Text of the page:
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What Is the University of Arizona Hiding?

July 21, 2022

Orwellian. It’s a word that aptly describes the University of Arizona’s campus reporting apparatus, which encourages students to snitch on their peers to university authorities for politically incorrect or “biased” speech. But when a reporter filed a public records request seeking copies of the complaints generated under this bias response system (BRS)—with personal identifying information redacted—the school refused to release them.

That’s why the Goldwater Institute sent a letter to the university Wednesday demanding it comply with Arizona law and release the records.

College campuses should be places of free and open exchange, where students can respectfully discuss opposing viewpoints and think critically about the major issues of the day. But instead, progressives are using bias response teams to implement their own, illiberal agenda across the country. They’re breeding an army of young people intolerant of free expression, who inform on one another at the slightest deviation from the script of political correctness. In fact, a recent study of 824 public and private universities found that 56% (457 schools) had some form of BRS. In essence, leftists are fostering a culture of fear over free speech, with 83% of college students saying they engaged in self-censorship, according to another recent survey. Put simply, there can be no safe spaces at all for students to speak if their peers can report on them at any given moment.

Last August, Christian Schneider, a senior reporter with The College Fix, submitted a public records request to University of Arizona to shed light on the anonymous complaints generated by the university’s Public Incident Report website. The university had also previously provided responsive records after he made a near-identical request in 2019. But this time around, the school denied his request, claiming it was withholding the reports “to protect the privacy of persons and best interests of the state,” even though Schneider asked for the names of the complainants and the targets of the reports to be redacted.

The College Fix regularly investigates bias response teams around the country to shine a light on what sorts of incidents are being reported and whether bias response systems are infringing on free speech rights. In one instance that Schneider reported on, a Michigan State student filed a complaint after witnessing his roommate watch a Ben Shapiro video on his laptop, which prompted an administrator to allow for a room change. In another, a Portland State University student was reported for making an off-hand comment about sometimes feeling like she’s “schizophrenic.” Trivial complaints such as these only serve to chill speech and foment distrust among the campus community.

So what is the University of Arizona hiding? Is it afraid that revealing the “bias” incidents reported to administrators—public information that it has a legal obligation to release—will expose the Orwellian nature of this system? Arizonans have a right to know about the educational climate in our public universities, especially how administrators handle complaints about controversial topics. And that’s exactly the information Goldwater intends to uncover.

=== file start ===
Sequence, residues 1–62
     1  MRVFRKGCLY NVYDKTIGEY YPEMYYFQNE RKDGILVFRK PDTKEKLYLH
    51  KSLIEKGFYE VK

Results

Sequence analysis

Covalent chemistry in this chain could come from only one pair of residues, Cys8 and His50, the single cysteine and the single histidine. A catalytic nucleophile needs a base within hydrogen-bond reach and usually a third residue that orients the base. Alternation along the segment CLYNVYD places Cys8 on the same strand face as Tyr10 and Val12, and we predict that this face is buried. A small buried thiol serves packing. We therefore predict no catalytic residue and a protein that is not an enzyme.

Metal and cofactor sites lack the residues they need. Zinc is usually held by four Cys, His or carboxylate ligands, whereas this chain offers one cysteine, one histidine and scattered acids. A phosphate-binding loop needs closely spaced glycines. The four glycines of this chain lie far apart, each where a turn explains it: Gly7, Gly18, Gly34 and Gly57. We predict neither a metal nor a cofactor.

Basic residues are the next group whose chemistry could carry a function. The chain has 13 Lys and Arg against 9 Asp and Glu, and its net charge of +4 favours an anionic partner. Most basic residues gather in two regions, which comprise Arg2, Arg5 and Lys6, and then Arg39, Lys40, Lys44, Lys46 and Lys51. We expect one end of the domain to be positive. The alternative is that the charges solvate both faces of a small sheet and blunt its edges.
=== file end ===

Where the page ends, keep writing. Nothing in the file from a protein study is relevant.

For years, Goldwater has been a nationwide leader in restoring free speech on campus. We’re successfully standing up for the constitutional rights of students being silenced, and we’ve crafted legislation to address the free speech crisis on public colleges and universities. Our reform, which we have already enacted in five states, creates an official university policy affirming the importance of free expression, including provisions that form a system of interlocking incentives designed to encourage students and administrators to respect and protect the free expression of others. This reform is working exactly like it’s supposed to in places like the University of Wisconsin system, where outrage mobs tried and failed to cancel conservative speakers on multiple occasions.

And we’re building on this work to dismantle the campus thought police with a complementary new model policy, developed in partnership with Speech First, that puts a stop to the corrosive new practice of bias response teams by prohibiting public universities and community colleges from operating any such system that works to chill student speech. In tandem with the Campus Free Speech Act, the new “Protecting Students from Bias Reporting Systems” policy requires universities to uphold constitutional principles and help foster intellectual diversity on campus.

All around the nation, Goldwater is working to ensure that American colleges resemble safe havens for free and open exchange rather than a surveillance state.

Kamron Kompani is the Legal Programs Manager at the Goldwater Institute.



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